Andrew Alderson

Andrew Alderson is a sport writer for the Herald on Sunday.

Race for culinary honours heats up as sisters cook their goose

Supershorts set Andrew Alderson a task: cover last week's MasterChef like it was a sporting event.

Sisters Shelley and Trudie Robinson dropped the ball in the MasterChef competition.
Sisters Shelley and Trudie Robinson dropped the ball in the MasterChef competition.

Sisters Trudie and Shelley were sent off for culinary fouls in this week's MasterChef test between the five remaining sides.

It was a game of two shows. The duos were split, but by the time Trudie had been hauled off to the bench after delivering substandard service from the base of the stove with her prawn, asparagus and pea risotto, it was too late for Shelley to whisk them back into the game.

The MasterRefs - Josh Emett, Simon Gault and Ray McVinnie - were given licence to officiate at their acerbic best. Trudie was hardly holding a flush hand when she took her dish into contact. You could see a subtle but collective intake of breath - fans would've appreciated a super-slow-mo - before the refs penalised her at the breakdown in ingredients.

Things looked grim the moment Trudie packed down with the mystery box at the first set piece: "Oh. My. God. I don't do risottos. I've made one in my life." Uh-oh.

The tension was upped throughout; phases were strung together beautifully.

"There's nothing worse than a dry risotto," said Emett and, in a further touch of foreshadowing, "there's a couple of ticking bombs out there."

Gault and McVinnie chipped in during tasting. "This one has an ice cream sundae look to it," noted McVinnie as a lonely prawn held sentry protecting a mound of dry rice.

As Trudie retreated into the contestants' territory, the judges summoned more caustic ammunition.

"It looks like she's trying to hide something," McVinnie continued, perturbed by a couple of rogue parmesan wafers loitering in the rice. "Perhaps she might be in trouble here," Gault added, before firming up his views upon consumption. "She's in trouble, guys."

Trudie scored 4 out of 10, meaning Shelley faced the culinary equivalent of Seve Ballesteros' recovery shot from the Royal Lytham & St Annes carpark in 1979 to keep them in the contest.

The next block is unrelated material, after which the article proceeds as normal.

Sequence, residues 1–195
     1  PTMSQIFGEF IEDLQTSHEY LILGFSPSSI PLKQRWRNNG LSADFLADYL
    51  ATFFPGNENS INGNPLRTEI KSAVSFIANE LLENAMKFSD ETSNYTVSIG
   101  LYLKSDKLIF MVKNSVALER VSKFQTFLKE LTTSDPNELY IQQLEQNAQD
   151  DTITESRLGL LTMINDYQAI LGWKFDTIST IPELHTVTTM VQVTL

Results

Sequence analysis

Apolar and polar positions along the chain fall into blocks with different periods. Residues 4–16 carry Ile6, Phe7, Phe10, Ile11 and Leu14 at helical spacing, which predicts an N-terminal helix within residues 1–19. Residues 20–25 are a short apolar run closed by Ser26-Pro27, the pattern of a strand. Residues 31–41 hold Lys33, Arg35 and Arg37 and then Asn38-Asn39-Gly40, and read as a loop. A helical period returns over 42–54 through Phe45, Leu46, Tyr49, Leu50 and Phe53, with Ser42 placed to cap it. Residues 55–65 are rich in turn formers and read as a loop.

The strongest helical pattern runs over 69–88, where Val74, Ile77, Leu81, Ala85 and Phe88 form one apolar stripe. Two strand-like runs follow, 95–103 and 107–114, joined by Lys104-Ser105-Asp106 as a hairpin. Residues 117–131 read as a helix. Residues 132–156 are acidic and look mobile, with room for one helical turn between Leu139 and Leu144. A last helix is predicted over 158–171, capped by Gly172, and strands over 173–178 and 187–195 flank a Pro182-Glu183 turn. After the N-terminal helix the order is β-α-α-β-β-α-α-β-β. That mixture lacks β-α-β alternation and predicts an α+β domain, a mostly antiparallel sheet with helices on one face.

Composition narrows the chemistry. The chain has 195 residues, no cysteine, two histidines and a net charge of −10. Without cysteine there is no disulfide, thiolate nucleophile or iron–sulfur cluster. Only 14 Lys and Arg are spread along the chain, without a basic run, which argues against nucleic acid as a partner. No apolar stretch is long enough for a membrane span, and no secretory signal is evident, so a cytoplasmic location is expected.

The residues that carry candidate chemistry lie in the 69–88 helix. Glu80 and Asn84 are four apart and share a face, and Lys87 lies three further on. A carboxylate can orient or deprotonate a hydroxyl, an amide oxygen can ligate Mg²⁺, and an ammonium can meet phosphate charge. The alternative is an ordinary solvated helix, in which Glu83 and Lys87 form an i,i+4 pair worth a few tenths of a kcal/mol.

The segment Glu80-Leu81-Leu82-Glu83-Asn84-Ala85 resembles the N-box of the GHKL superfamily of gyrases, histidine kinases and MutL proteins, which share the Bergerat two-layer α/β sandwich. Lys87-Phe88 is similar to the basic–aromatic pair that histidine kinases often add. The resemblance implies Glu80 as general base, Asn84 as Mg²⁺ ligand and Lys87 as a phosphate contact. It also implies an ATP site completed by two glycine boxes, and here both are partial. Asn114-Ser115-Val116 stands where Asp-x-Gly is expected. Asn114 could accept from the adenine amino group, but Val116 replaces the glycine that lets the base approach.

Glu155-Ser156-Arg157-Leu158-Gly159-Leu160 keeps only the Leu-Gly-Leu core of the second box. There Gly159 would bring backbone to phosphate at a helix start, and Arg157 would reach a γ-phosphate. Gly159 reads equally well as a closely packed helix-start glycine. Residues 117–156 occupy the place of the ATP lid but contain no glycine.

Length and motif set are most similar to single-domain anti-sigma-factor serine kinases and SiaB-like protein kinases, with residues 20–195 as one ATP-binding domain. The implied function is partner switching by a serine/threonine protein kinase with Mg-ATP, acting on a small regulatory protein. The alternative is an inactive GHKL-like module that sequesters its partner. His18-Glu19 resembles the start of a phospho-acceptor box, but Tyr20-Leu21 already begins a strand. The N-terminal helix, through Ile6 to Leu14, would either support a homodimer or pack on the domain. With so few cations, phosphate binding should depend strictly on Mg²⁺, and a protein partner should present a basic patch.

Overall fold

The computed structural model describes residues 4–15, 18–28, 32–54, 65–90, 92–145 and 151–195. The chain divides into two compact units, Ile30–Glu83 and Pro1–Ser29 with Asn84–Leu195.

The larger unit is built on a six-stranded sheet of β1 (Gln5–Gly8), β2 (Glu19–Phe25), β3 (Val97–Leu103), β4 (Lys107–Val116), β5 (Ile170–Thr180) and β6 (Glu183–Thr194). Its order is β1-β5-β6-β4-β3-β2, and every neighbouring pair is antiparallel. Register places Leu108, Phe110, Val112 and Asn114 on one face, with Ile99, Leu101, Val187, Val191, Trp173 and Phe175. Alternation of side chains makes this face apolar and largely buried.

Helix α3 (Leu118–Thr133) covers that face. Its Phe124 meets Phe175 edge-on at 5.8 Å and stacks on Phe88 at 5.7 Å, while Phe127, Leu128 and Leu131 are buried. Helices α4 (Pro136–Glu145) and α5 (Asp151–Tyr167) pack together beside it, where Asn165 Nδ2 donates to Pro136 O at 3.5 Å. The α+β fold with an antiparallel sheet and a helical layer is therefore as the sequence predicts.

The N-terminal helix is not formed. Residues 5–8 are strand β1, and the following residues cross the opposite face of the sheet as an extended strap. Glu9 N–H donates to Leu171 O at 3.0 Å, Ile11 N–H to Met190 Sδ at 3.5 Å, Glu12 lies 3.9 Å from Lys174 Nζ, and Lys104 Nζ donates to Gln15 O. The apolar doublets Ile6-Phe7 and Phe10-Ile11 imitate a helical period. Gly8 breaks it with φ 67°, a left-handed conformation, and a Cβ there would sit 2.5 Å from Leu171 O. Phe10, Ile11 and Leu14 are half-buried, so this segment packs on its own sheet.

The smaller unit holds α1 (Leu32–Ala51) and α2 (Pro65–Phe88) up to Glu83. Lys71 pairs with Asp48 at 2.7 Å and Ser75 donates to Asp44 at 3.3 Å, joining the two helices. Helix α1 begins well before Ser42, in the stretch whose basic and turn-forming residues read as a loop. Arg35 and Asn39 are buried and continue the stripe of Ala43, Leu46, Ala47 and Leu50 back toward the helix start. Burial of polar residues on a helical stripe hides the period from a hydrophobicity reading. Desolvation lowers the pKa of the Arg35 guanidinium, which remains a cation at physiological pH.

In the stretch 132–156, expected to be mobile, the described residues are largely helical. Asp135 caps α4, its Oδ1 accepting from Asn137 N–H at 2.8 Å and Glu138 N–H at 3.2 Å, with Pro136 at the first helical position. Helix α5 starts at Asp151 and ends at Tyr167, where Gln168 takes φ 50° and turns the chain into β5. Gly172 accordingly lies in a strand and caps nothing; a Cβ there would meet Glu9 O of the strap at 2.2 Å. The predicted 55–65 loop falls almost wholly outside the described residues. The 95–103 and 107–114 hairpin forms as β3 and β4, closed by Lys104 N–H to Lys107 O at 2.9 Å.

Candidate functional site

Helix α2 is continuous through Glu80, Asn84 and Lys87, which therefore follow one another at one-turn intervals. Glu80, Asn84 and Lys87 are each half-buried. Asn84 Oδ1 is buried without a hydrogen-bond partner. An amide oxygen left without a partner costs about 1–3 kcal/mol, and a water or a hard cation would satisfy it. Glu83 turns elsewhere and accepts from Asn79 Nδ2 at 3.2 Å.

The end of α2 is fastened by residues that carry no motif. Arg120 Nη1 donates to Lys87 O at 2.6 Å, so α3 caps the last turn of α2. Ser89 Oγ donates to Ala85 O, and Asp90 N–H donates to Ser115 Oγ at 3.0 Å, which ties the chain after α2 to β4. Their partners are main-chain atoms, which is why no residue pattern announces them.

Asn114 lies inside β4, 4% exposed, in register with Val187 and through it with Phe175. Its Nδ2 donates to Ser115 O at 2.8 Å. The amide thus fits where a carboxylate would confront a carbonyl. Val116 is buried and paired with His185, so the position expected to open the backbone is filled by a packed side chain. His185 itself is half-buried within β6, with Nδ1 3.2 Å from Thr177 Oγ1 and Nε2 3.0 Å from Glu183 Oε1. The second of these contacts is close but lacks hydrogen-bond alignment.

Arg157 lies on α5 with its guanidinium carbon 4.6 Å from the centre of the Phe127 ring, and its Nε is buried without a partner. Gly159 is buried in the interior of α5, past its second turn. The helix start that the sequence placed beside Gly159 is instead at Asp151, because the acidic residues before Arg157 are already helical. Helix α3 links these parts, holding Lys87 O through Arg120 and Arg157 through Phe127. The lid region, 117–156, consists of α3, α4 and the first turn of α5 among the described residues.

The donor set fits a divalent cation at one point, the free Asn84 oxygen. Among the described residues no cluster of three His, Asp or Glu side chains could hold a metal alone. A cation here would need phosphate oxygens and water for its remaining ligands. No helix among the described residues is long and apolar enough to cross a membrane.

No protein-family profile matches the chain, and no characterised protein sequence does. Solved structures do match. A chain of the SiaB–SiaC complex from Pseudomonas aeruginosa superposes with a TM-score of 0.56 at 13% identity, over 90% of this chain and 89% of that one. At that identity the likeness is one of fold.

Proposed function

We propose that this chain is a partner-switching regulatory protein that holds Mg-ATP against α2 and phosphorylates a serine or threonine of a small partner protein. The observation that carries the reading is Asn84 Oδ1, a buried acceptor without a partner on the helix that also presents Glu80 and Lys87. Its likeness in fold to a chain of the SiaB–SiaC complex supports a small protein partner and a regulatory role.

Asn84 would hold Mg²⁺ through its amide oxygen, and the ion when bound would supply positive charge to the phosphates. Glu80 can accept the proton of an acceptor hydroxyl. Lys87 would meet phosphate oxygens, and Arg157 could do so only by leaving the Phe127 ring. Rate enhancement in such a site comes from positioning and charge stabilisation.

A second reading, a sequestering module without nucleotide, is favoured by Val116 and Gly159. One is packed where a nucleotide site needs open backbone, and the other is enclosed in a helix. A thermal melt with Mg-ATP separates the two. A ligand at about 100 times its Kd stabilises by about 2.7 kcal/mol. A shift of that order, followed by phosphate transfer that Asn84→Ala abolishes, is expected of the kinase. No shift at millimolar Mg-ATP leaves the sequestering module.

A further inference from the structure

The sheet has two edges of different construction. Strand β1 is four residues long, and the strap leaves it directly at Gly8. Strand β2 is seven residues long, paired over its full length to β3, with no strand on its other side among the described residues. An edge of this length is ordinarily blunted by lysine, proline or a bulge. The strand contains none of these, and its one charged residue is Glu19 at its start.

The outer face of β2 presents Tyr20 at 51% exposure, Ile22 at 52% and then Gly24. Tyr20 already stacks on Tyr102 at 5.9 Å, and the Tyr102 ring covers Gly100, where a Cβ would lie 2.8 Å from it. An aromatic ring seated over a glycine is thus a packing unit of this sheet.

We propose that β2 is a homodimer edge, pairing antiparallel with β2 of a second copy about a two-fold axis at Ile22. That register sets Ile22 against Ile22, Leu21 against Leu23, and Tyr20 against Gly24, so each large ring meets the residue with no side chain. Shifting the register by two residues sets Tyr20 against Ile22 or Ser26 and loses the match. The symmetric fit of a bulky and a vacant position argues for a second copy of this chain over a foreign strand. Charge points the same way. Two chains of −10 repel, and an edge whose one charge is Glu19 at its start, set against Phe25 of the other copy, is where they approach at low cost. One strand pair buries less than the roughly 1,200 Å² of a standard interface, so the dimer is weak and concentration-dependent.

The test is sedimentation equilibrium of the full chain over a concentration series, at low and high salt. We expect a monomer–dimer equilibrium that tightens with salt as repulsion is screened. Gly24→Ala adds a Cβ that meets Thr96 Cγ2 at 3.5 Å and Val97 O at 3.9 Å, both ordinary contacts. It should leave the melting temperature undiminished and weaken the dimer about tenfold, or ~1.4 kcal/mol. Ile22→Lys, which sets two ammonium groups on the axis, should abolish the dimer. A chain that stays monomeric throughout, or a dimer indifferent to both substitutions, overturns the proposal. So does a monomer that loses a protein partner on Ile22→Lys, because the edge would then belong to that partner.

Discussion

Her white chocolate lemon mousse with a raspberry sauce dessert wasn't up to par. Well, it might've been, according to judge Simon Gault, if there had been more raspberries.

"Sell it to me," Gault said. "It looks like you could just dig in and eat it," said Shelley. "It definitely looks like that," added Emett cryptically, before bagging the presentation for a lack of finesse. It almost looked as messy as the red cabbage coleslaw design on McVinnie's tie.

"It wasn't meant to be perfect, it's meant to be rustic," Shelley confided during the post-match interview.

There was no reprieve; they missed the cut. But we already knew that. The foreboding background music had intervened - a sure sign someone is toast.

This was, in honesty, far from a perfect episode.

There were too many breaks in play and resets where the audience had the actions of the previous segment repeated ad nauseam.

Karena's "fake it until you make it" policy regarding a beetroot-flavoured risotto might need a session in front of the tactical whiteboard.

It was described by Emett as having a "marmite or vegemite" flavour. McVinnie didn't miss either: "It's crude, too stiff... the only thing good is that she hasn't overcooked the rice."

Tanisha and Verena look the favourites from here after setting a platform and biting off a large chunk of territory before the teams head to Bali for next week's round.

- NZ Herald

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